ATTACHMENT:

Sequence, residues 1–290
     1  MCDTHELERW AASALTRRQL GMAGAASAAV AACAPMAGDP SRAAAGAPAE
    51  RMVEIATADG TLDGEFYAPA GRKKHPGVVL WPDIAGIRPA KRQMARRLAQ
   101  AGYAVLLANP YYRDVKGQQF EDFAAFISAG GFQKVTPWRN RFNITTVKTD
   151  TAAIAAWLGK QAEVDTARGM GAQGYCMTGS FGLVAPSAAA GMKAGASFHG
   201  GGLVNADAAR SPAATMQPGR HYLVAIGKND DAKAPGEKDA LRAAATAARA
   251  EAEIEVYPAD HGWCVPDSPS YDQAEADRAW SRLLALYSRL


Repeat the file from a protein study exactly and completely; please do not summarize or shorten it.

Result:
Sequence, residues 1–290
     1  MCDTHELERW AASALTRRQL GMAGAASAAV AACAPMAGDP SRAAAGAPAE
    51  RMVEIATADG TLDGEFYAPA GRKKHPGVVL WPDIAGIRPA KRQMARRLAQ
   101  AGYAVLLANP YYRDVKGQQF EDFAAFISAG GFQKVTPWRN RFNITTVKTD
   151  TAAIAAWLGK QAEVDTARGM GAQGYCMTGS FGLVAPSAAA GMKAGASFHG
   201  GGLVNADAAR SPAATMQPGR HYLVAIGKND DAKAPGEKDA LRAAATAARA
   251  EAEIEVYPAD HGWCVPDSPS YDQAEADRAW SRLLALYSRL